We found photos taken on this camera looked bold and bright, even in low light settings, which isn’t something we can say about all 108MP camera phones. Autofocus was quick and the natural-looking depth effect made close pictures look even better.
While the price hasn’t been confirmed, this isn’t likely to be the cheapest 108MP phone, not with the Realme 8 Pro and Redmi Note 10 Pro on the market, but Honor’s scene optimization AI means it could be one of the best with a high-res sensor.
But now onto the other lenses – there’s an 8MP ultra-wide, 2MP depth-sensing and 2MP macro snapper. The first of those is useful for taking snaps with a wide field of view, though pictures weren’t quite as colorful or high-res as on the main camera.
The 2MP cameras were the real weak links though, and there’s a trend of phone companies using low-res auxiliary cameras like this that don’t add much. Macro pictures were grainy and pixelated, while the depth sensor didn’t seem to add anything that wasn’t already present from the lens.
The lack of a competitive edge is particularly noticeable in the Honor 50’s camera – if its 2MP duo were gone in favor of a Xiaomi-style custom-made macro camera, or even a telephoto snapper, the phone would be far easier to recommend for photography.
If there’s one thing we did like about the Honor 50’s camera capabilities, it’s the 32MP selfie snapper – subjects looked bold with boosted highlights and shadows, and natural-looking depth effects to make photos look great.
Let’s quickly move onto another positive: the battery life. The Honor 50’s 4,300mAh power pack doesn’t seem like anything to write home about on paper, but in practise the device easily waltzed through a day of use without needing to be charged.
On most days, we were on around 30% or 40% battery when we woke up for a second day of use, which is a good sign for the phone, and that was even with quite a lot of social media use and gaming. Clearly, some software optimization is pulling its weight here.
There’s 66W charging, which is pretty fast for a mid-range phone, though there are devices at 90W and 120W. According to Honor that’ll power the phone to 70% in 20 minutes – in practice, we didn’t get this same speed, but will try with a few other chargers for our full review to see if it’s a cable issue.
Performance and specs
The Honor 50 boasts a Snapdragon 778G chipset, which is one of the more powerful mid-range processors you’ll find in a smartphone, though won’t hold a candle to processors from the Snapdragon 800 series.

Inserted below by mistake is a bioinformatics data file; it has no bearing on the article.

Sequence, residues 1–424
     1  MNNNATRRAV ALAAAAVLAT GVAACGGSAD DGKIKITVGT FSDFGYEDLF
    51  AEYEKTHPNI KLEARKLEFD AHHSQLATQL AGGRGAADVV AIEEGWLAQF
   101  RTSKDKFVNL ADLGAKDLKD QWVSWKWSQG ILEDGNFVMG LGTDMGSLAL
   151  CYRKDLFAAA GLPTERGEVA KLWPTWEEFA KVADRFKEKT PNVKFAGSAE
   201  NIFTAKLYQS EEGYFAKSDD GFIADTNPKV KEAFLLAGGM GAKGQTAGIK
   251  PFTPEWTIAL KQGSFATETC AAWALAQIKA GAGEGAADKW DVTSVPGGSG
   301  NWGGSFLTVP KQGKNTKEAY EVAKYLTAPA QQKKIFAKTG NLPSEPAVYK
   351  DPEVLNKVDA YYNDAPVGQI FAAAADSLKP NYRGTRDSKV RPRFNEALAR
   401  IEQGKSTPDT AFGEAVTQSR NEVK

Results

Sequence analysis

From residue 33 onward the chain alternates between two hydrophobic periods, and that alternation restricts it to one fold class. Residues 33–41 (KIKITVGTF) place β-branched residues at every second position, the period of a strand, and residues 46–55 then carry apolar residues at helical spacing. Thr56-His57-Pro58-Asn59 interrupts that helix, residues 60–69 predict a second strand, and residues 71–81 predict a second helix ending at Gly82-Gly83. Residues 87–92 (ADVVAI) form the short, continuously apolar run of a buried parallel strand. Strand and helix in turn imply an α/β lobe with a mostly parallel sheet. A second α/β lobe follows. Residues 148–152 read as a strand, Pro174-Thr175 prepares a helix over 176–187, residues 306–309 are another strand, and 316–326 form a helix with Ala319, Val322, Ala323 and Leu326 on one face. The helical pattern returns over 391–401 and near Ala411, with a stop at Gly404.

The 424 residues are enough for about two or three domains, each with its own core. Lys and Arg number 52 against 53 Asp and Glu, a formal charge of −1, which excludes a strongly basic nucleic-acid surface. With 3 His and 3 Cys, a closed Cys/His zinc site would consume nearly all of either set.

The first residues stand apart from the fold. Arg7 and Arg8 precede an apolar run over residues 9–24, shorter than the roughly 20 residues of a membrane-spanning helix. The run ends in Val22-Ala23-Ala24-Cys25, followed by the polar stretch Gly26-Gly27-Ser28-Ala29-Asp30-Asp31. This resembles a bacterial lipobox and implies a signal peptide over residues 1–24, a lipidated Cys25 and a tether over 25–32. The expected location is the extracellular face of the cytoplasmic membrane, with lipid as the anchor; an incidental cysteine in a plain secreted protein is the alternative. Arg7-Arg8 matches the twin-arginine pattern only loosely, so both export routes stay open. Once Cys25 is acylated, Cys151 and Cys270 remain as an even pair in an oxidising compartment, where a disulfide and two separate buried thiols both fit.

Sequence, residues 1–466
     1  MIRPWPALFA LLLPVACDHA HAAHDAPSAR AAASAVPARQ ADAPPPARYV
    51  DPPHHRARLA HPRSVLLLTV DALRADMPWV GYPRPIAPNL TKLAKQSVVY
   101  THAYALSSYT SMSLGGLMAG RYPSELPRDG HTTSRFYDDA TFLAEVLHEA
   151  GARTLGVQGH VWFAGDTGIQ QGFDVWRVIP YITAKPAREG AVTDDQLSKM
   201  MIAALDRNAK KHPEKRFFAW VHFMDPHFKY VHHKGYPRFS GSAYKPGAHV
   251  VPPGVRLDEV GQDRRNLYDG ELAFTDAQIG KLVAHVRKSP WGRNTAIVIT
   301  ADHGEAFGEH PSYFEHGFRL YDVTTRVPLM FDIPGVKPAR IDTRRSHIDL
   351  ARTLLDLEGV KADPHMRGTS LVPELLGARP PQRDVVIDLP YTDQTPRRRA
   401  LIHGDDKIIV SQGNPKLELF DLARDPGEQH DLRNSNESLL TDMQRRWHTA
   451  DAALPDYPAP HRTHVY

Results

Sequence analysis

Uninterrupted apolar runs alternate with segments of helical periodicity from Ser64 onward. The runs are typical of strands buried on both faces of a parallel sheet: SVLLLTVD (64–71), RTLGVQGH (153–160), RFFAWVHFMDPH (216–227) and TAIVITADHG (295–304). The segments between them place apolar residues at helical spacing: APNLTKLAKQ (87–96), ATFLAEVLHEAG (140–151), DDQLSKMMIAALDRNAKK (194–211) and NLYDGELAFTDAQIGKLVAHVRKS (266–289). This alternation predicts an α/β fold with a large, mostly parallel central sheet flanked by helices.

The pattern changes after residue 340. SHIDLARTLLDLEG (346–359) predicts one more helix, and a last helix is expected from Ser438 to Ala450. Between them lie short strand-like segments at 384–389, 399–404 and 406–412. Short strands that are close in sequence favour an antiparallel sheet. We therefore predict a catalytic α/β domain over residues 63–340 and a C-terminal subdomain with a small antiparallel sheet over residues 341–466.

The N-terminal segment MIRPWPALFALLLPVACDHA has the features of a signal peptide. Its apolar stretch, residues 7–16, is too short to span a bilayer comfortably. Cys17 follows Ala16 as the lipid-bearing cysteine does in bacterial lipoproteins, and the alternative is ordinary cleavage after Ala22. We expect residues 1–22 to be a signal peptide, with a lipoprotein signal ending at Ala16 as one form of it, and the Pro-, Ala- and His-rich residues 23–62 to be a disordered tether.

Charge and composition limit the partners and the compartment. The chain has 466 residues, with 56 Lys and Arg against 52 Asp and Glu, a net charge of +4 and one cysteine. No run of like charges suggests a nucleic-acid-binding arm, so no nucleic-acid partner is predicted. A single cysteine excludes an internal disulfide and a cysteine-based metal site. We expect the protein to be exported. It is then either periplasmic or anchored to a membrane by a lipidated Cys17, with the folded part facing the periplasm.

That’s paired with 6GB, 8GB or 12GB of RAM depending on which you opt for – we tested the 6GB version – and 128GB or 256GB of storage.
We found the Honor 50 felt snappy, and in day-to-day use we couldn’t tell the difference between this phone and one with a top-end chipset. Basic tasks like navigating the user interface, checking social media and downloading apps were nice and snappy.
Some games played well too, but the choice of chipset was most noticeable for high-end tasks – now and then, when playing top-end games or taking lots of pictures in a row, the device could slow down somewhat.
The software here is Android 11 with Honor’s Magic UI laid over the top – and yes, just to clear any doubt, Google apps are available on the phone, including Maps, Pay and the Play Store.
Magic UI has a fairly babyish look with punchy colors and big icons, but navigation is the same as it would be on any other Android phone.
As our early review points out, there are some strong parts to the Honor 50, like its good-looking screen and captivating selfie camera, however none of these things are enough to pull this device ahead of other mid-range mobiles.
It’s a well-rounded phone but with no unique selling point, so unless its price is spectacularly low, it’s going to have a hard time proving itself in a competitive market niche.
Perhaps our further testing for our full review will let us appreciate the phone more, and find a feature we can sing about more.